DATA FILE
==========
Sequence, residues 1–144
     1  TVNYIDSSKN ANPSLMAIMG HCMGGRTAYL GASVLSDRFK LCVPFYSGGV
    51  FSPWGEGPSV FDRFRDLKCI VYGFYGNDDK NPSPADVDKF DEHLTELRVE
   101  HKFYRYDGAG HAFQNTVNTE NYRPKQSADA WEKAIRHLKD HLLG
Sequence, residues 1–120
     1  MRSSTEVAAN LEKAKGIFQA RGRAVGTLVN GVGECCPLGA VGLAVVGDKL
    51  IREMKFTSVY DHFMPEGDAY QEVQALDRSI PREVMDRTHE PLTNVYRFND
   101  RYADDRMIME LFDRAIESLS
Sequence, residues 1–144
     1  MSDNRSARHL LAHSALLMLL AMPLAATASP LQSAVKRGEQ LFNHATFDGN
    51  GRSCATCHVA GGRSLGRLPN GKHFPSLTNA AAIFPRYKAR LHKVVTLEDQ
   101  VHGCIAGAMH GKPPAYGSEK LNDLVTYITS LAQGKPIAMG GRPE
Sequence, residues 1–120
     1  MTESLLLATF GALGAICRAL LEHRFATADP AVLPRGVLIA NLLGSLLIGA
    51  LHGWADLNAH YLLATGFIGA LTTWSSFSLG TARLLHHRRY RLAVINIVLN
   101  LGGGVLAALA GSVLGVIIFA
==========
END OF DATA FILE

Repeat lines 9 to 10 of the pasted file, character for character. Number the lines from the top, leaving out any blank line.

Sequence, residues 1–144
     1  MSDNRSARHL LAHSALLMLL AMPLAATASP LQSAVKRGEQ LFNHATFDGN